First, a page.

Twenty years ago, many biologists believed in a simple story — that DNA-encoded genetic information controls the development of living organisms, as well as their adaptive responses to the changing environment. Genes determine the proteins that make up the functioning tissues of any cell as well as the signalling molecules; complex gene regulatory networks involving myriad positive and negative feedbacks exert the adaptive control.
Increasingly, this is an outdated story, as the regulation of cell growth and function turns out to rely on a vast range of other mechanisms. During cell division, for example, daughter cells inherit not only the genome, but also the cell type, function and pattern of activity. The burgeoning field of epigenetics studies exactly this — heritable changes in gene expression. The controls come not from the genetic sequence, but from a variety of chemical modifications of DNA and the histone proteins within the chromosomes in which the genome is packed. In all of this, physics plays an important role.
After all, chromatin — the material of the chromosomes — is an extremely large, complex polymer. Its physical behaviour as a polymer links up tightly with a variety of mechanisms of biological control. As Ruggero Cortini and colleagues note in a forthcoming review in Reviews of Modern Physics (preprint at http://arxiv.org/abs/1509.04145; 2015), physics may offer useful concepts for elucidating the associated non-genetic mechanisms that evolution uses for exquisite functional control.
Chromatin is a linear chain made of elements called nucleosomes. Each of these units is comprised of a section of helical DNA wrapped around a basic histone core, this being attached to a DNA linker, which serves to connect one nucleosome to the next. The chain carries a net negative charge, which influences its tendency to fold, as do a variety of functional motifs — so-called epigenetic markers — that dress the basic chromatin structure and influence the interactions between different sections of it. Epigenetic markers are, mainly, covalent modifications of either the wrapping DNA or of the core histones. The important point: these modifications persist through cell division and are inherited from one cell to its descendants.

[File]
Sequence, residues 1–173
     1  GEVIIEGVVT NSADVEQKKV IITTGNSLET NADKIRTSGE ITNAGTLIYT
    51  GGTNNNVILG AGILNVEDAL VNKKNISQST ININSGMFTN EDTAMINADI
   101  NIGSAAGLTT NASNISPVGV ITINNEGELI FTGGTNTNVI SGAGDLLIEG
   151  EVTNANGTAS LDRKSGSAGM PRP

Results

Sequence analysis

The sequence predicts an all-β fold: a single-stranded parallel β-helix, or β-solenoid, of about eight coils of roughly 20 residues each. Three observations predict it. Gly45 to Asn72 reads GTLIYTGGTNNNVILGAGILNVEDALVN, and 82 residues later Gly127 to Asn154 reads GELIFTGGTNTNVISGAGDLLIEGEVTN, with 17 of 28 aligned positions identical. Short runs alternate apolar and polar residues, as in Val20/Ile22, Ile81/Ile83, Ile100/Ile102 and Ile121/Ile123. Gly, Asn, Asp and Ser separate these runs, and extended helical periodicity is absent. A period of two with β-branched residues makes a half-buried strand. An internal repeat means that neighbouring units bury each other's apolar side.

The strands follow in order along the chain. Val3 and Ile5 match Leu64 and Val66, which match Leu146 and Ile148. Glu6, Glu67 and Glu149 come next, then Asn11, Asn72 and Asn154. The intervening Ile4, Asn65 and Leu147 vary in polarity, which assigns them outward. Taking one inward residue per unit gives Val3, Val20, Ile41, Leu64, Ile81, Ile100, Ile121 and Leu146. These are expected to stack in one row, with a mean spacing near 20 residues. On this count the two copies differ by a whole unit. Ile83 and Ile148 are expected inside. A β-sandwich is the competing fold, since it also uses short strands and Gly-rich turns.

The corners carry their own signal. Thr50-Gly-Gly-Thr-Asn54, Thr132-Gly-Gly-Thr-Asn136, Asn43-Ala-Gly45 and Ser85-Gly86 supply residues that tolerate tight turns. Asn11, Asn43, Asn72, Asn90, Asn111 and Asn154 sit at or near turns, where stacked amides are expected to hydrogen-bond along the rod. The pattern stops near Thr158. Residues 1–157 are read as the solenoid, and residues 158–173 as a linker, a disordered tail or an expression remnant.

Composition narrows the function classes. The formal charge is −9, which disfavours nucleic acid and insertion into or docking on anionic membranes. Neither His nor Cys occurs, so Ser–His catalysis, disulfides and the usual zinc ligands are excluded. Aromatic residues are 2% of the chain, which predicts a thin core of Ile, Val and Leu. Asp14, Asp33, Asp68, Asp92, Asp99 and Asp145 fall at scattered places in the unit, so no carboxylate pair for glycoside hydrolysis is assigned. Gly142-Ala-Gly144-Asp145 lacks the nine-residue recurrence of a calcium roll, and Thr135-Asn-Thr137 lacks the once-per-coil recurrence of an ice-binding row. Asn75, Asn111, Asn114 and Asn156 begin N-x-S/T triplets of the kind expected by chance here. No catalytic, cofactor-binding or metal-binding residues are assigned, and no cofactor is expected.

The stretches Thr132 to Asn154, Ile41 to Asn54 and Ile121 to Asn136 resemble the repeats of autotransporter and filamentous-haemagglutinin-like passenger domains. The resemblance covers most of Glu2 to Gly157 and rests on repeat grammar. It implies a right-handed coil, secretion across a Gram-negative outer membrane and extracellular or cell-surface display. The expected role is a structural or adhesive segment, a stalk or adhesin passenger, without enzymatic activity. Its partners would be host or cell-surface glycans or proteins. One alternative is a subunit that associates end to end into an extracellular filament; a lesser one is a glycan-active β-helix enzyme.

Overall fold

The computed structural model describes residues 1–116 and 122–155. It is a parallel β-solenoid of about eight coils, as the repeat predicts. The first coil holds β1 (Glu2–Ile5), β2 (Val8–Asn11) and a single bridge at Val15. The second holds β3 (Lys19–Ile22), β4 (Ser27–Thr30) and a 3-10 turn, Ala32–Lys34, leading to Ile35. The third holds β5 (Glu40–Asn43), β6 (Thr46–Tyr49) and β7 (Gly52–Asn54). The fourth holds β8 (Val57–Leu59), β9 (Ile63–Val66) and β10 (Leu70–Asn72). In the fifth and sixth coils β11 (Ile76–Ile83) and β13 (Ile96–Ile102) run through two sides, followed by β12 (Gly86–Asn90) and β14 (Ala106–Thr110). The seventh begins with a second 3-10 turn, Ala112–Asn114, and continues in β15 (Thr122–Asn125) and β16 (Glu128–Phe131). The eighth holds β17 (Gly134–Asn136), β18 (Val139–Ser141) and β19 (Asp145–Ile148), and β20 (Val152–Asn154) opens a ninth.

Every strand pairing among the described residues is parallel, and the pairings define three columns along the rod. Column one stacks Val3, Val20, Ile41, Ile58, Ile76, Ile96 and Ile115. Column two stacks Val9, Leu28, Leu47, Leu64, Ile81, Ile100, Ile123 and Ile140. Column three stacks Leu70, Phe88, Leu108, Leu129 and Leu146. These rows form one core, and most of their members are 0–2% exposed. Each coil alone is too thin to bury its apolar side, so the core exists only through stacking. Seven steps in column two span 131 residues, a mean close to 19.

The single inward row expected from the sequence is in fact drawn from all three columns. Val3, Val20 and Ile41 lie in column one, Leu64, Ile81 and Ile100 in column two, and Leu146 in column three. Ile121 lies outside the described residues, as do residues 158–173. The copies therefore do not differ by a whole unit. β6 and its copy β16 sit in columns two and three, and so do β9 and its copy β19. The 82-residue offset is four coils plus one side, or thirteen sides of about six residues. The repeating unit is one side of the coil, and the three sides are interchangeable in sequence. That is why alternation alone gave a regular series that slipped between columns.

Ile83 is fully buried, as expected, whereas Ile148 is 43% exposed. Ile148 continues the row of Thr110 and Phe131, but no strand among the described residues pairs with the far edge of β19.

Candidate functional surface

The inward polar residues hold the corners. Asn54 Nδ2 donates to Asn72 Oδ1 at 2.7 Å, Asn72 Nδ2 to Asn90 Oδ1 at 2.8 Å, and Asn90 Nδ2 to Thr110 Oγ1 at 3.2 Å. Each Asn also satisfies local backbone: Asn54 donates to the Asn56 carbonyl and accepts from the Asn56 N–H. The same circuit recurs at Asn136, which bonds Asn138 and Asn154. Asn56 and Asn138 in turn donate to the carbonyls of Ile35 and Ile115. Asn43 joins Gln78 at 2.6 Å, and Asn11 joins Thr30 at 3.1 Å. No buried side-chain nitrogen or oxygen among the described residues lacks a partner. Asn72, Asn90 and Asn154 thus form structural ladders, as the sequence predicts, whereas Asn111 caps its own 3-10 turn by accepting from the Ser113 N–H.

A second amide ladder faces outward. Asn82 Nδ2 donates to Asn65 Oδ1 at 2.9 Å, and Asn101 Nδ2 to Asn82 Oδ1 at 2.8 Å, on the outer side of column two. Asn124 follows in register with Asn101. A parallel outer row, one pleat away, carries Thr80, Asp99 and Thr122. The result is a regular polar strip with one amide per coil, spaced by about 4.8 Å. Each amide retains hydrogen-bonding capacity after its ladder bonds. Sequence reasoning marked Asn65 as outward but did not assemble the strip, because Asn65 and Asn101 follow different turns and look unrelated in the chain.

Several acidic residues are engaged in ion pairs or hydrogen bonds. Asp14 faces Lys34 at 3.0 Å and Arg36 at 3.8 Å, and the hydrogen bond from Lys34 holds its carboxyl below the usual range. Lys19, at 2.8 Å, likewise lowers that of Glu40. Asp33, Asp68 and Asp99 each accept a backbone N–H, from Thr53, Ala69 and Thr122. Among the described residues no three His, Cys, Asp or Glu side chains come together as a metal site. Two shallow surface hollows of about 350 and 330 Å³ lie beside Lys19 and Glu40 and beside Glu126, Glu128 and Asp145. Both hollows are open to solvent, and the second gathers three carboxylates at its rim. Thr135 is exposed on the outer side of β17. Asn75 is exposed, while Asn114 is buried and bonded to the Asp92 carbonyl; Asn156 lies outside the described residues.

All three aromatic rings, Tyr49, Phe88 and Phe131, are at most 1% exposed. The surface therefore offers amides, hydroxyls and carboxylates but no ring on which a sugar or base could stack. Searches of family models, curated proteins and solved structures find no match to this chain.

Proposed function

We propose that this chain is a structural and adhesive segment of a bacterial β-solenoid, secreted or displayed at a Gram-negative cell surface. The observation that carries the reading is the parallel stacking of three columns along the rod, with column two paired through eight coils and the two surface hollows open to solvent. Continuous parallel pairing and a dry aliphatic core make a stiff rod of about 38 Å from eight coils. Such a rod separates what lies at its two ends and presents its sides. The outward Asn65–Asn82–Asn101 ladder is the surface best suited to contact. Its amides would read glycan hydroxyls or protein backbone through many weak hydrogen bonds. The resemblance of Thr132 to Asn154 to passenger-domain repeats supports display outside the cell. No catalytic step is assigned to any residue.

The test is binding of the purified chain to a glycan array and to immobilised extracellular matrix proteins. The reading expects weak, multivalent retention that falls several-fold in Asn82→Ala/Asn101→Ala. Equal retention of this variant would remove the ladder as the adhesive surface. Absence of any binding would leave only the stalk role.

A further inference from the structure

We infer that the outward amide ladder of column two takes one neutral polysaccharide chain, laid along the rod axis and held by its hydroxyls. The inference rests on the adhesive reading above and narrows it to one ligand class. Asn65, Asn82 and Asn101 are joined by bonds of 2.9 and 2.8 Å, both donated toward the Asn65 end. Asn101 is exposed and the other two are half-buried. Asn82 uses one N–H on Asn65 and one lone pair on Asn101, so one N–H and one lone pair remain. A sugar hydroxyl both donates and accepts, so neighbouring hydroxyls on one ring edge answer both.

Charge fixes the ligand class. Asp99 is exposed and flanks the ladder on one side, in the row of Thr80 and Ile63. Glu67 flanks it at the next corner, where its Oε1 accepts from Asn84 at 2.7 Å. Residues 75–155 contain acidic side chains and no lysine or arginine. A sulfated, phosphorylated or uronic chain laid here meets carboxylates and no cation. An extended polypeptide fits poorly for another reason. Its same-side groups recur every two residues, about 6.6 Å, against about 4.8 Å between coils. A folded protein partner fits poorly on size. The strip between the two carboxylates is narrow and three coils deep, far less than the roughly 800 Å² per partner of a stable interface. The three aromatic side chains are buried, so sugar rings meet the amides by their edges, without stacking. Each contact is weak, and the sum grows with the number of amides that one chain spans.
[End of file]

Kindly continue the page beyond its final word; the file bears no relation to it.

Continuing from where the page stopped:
We're learning something about how biology uses geometry for control.
The key challenge of epigenetics is to understand in detail how these epigenetic markers influence regulation. As always in biology, the story is complex, with features varying from one species to the next. However, in higher organisms at least, there is a general theme. The way chromatin is packed in the cell nucleus during normal times — that is, not during the phase of cell division — is characterized by a distinct mixture of regions of different density. Denser regions, called heterochromatin, tend to be located near the nuclear periphery and the genes within are largely inactive. In contrast, active genes tend to gather near the nuclear centre, where chromatin — in a more disperse euchromatin phase — is more accessible.
The density difference is all important, as high density effectively excludes genes from being accessed for regulatory control, whereas lower density makes them accessible. Hence, the physics of polymer folding seems to be central to the functional differences between cell types. Biologists refer to the process of chromatin collapse into dense heterochromatin regions as gene silencing, and it's the patterning of epigenetic markers that determines how and when it happens.